Pope lived in a great age of literary feuds, and soon found himself at their center. His first big success, the Essay on Criticism (1708), embroiled him in his first controversy: this long, clear, amusing poem about how to write poetry (taking cues from Horace) was attacked by the volatile older critic John Dennis, who may have resented the young man’s nerve. Financial security would not come until 15 years afterward, when Pope’s sale by subscription of his translation of Homer’s Iliad did an end run around profit-taking booksellers, much as when today’s rock or rap artists successfully set up their own labels. Pope likely became the first poet in English who could comfortably live off his earnings from his books.
By 1734 Pope was still famous, but his friends (or posse), nicknamed the Scriblerians, were mostly dead, or ill, or stuck in Ireland (Jonathan Swift). Their vision of a peaceable, stable England, with honest government and support for the arts, seemed a relic. Instead, Prime Minister Robert Walpole ruled Parliament, masterminding his corrupt hold on power, and King George II, who hated to read, reigned as monarch. (Sound familiar?)
Pope himself remained entangled in rivalries, pursued in privately circulated manuscripts (like street tapes with answer songs) and in published verse. Such rivalries could get nasty: the politically powerful Lord Hervey wrote that Pope’s “wretched little carcass” remained “unkick’d” and “unslain” only because people took pity on Pope’s ugly body.
Pope attracted such attacks—a lot of them, in fact—because he specialized in satire, attacking corrupt politicians, lousy poets, and even (by subtle implication) the king. Dr. John Arbuthnot—a Scriblerian himself, a longtime friend of Pope’s, and a physician—had asked Pope in a private letter to moderate his satires, especially to stop naming those names that might land him in jail. Arbuthnot was, as Pope knew, quite ill: a published response to him would need to make Arbuthnot look good, and Pope sound grateful for, if not humbled by, Arbuthnot’s concern. It would need to explain why Pope wrote satire and sometimes named names. It would need to convey Pope’s moral outrage at the injustices of his age and the shallowness of his fellow fame-seeking writers, and it would have to refute the charge—implied both by Arbuthnot’s friendly caution and by Pope’s seriously enraged detractors—that Pope took undue pride in his own fame.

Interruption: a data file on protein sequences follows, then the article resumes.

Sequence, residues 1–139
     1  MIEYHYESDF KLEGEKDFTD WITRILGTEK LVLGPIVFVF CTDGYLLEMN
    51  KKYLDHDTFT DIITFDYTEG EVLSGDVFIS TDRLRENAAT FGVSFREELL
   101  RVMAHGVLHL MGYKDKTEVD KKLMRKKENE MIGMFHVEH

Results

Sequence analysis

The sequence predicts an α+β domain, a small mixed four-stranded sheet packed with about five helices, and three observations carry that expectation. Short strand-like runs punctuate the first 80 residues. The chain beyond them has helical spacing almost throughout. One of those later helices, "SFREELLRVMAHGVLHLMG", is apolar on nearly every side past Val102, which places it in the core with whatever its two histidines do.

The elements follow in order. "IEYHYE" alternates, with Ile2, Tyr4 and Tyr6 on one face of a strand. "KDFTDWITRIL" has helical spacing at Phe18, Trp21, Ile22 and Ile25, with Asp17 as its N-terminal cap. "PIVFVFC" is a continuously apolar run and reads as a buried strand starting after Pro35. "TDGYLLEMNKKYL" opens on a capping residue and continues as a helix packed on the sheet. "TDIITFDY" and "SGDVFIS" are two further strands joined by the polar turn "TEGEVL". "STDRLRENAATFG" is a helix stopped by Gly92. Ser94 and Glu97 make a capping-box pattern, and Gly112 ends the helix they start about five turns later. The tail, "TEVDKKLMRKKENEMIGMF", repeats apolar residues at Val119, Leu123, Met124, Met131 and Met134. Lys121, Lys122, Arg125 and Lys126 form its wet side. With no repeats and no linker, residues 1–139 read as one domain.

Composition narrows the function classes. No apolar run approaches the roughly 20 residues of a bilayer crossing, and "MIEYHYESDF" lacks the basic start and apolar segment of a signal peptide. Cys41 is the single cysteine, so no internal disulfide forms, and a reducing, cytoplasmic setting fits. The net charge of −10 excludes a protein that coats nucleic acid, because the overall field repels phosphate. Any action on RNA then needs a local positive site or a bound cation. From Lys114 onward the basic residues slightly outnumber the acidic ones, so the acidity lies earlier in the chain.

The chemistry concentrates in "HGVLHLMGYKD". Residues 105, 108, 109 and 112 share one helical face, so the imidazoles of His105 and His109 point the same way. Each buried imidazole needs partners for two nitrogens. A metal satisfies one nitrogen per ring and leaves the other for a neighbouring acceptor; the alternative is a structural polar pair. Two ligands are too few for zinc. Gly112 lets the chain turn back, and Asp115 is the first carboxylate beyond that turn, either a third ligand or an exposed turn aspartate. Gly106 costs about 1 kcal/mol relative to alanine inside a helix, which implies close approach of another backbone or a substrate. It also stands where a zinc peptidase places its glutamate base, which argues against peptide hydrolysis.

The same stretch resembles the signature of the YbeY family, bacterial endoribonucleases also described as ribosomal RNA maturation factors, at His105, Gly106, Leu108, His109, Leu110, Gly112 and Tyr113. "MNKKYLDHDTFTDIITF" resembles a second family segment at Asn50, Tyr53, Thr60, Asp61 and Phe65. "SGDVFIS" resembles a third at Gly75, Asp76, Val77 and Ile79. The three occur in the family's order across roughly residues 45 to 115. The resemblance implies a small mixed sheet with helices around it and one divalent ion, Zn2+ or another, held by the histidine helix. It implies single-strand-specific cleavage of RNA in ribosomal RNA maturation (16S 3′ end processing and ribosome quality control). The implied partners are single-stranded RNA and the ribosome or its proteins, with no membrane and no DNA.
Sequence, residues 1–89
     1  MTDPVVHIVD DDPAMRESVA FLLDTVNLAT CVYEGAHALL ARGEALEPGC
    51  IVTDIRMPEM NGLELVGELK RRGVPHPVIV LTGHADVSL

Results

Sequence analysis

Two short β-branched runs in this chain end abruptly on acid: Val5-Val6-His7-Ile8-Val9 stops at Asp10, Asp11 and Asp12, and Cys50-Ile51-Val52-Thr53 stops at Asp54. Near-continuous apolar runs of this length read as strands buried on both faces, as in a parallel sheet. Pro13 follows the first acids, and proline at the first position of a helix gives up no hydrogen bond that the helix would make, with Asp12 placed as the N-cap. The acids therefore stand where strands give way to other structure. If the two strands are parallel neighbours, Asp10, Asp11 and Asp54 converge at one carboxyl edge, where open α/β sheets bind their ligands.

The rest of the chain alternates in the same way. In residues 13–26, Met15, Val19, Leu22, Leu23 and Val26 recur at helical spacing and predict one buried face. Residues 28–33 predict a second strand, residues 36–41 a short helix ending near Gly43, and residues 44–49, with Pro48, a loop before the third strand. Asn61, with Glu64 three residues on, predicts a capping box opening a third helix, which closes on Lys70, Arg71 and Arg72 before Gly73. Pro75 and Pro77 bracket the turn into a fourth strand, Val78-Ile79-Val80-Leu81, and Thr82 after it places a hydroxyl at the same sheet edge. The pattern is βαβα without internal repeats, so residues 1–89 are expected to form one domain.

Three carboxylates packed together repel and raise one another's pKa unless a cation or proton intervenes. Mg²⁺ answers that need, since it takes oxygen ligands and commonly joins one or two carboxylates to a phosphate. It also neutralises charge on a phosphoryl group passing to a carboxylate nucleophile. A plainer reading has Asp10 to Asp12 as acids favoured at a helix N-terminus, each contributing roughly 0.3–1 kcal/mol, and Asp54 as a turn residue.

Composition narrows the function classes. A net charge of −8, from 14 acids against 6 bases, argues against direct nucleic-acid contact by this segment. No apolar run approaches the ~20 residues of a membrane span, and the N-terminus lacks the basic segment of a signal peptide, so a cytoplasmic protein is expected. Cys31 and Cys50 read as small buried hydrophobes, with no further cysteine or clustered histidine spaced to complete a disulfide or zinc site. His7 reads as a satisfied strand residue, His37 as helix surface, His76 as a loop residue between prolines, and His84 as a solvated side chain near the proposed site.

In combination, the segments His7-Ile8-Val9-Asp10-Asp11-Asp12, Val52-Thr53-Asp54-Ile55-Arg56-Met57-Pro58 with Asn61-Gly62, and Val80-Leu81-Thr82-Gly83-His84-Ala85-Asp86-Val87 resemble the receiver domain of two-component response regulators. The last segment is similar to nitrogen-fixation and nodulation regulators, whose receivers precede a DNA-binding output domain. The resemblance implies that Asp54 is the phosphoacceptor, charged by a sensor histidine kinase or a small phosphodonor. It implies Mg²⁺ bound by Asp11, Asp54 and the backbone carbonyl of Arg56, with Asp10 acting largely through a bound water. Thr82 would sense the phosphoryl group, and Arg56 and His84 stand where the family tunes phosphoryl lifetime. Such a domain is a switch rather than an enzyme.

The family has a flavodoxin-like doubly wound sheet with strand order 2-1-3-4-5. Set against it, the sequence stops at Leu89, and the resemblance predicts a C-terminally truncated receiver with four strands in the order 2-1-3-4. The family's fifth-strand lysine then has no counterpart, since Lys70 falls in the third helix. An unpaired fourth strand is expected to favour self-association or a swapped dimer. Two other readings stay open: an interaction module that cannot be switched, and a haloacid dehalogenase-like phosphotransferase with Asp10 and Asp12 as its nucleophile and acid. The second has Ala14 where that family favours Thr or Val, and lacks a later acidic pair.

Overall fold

Published just weeks before the doctor died, Pope’s epistle did all of this with humor and force. Long by our standards (though not by Pope’s), the 419-line poem becomes easier to follow if you think of it as having seven parts. Part One (lines 1–68) begins with the poet overwhelmed by fake admirers: “Shut, shut the door, good John! fatigu’d I said, / Tye up the knocker, say I’m sick, I’m dead”—anything to shoo the fame-seekers with their countless manuscripts (today they would be demo tapes) away from his country retreat at Twickenham, where alcoholic clerics, idle lords, and lunatics traveled far out of their way to show him their poems, he complained: